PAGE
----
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Mary Fellows (Ashley)

Birthplace: Sheffield, Berkshire County, Province of Massachusetts
Death: December 07, 1797 (57)
Sheffield, Berkshire County, Massachusetts, United States
Place of Burial: Sheffield, Berkshire County, Massachusetts, United States
Immediate Family:

Daughter of Col. John Ashley, Sr. and Hannah Ashley
Wife of Brig. Gen. John Fellows
Mother of Mary Penfield; Hannah Porter; Edmund Burke Fellows; Jane "Joni" Fellows; Charlotte Bush and 3 others
Sister of Gen. John Ashley; Jane Porter; Hannah Vosburgh and Preserved Ashley

Managed by: Michelle Lee Mannion
Last Updated:

About Mary Fellows

Her husband Brig. Gen. John Fellows was Daughters of the American Revolution (DAR) Ancestor #A038852

From Wikipedia:Daniel Penfield: Born on April 25, 1759 to Isaac and Esther Hurlburt Penfield in Guilford, Connecticut, Penfield served as a clerk in the commissary department under Oliver Phelps during the War of Independence. The family moved to Hartland, Connecticut before the war and Granville, Massachusetts afterward.

About 1784, Penfield married Mary Fellows (born September 10, 1762), daughter of John and Mary Ashley Fellows. General Fellows served as an aide-de-camp to George Washington. The couple bore five children: Henry (born July 18, 1785), Harriet (born May 12, 1787), Charlotte (born May 22, 1791), Mary Jane (born 1794), and George (born November, 1797). Shortly after marrying, the couple moved to Hillsdale, New York and opened a general store. The store was burnt by an angry mob during Shay's Rebellion, so the couple moved to New York City sometime around 1789. Penfield became owner of a "lucrative commission business" and began making speculative land purchases of tracts in present-day Wayne County, New York in 1790 and present-day Perinton, New York in 1792. Penfield bought his first parcel in the present-day Town of Penfield on February 4, 1795. Penfield opened another general store in Claverack, New York and maintained homes in Hudson, New York and New York City. He kept these properties until Embargo Act of 1807 severely curtailed his commission business, prompting his decision move to his Western New York lands in 1809. Penfield contracted with carpenters from Albany, New York to build his homestead in 1811. The house still stands today at 1784 Penfield Road. Over the years, he built or controlled several mills on Irondequoit Creek, including a sawmill, grist mill, distillery, ashery, oil mill, soap mill, clothing mill, and tannery. Penfield owned several African-American houseservants until slavery was abolished in New York State in 1827. Penfield spoke at the ceremonies welcoming the Marquis de Lafayette during his visit of June, 1825. His last commercial undertaking, a five-story flour mill, built in 1835, failed in part due to the Panic of 1837. Penfield died on August 24, 1840 and was interred next to his wife (who died August 18, 1828) in Oakwood Cemetery in Penfield.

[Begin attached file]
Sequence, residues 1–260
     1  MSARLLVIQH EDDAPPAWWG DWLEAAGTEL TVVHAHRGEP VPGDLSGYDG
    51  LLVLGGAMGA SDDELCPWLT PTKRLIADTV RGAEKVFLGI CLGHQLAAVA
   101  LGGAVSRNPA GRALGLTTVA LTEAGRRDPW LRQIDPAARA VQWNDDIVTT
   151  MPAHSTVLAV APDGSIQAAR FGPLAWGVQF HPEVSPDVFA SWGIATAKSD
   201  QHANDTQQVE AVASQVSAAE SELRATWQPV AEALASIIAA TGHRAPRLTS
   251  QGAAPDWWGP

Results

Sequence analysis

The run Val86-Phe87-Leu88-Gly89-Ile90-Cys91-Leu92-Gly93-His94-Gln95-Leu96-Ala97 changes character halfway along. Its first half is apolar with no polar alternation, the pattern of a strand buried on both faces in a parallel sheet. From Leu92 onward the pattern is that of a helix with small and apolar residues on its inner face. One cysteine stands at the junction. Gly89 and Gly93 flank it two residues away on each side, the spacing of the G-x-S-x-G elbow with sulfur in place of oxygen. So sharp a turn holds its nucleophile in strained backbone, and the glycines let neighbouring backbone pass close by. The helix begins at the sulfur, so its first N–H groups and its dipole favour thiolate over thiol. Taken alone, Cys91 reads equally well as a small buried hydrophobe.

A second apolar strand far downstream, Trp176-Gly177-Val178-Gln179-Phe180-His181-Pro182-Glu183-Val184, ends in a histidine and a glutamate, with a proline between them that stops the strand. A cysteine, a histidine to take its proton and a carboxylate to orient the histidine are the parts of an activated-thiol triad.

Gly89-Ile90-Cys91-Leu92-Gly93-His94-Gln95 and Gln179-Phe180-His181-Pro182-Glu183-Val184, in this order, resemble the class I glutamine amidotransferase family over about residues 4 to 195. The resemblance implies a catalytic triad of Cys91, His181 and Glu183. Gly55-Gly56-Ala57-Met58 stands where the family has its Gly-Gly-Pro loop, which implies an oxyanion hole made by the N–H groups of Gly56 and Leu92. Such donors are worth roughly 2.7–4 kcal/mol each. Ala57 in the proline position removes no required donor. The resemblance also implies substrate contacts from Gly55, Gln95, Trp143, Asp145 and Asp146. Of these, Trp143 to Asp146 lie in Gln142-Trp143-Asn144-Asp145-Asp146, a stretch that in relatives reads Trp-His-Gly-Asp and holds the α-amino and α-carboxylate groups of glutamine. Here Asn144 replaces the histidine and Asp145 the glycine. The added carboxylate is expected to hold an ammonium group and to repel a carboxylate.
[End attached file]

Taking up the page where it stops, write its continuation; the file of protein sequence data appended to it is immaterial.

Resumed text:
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Mary Fellows's Timeline

August 2, 1740
Sheffield, Berkshire County, Province of Massachusetts
September 10, 1762
of Sheffield, Massachusetts
July 5, 1765
Sheffield, MA
February 4, 1767
Sheffield, Berkshire County, MA, United States
July 4, 1769
Sheffield, Berkshire County, MA, United States
September 26, 1771
Sheffield, MA
January 25, 1775
Sheffield, Berkshire County, Province of Massachusetts
May 17, 1779
June 26, 1782
Sheffield, Berkshire Co., MA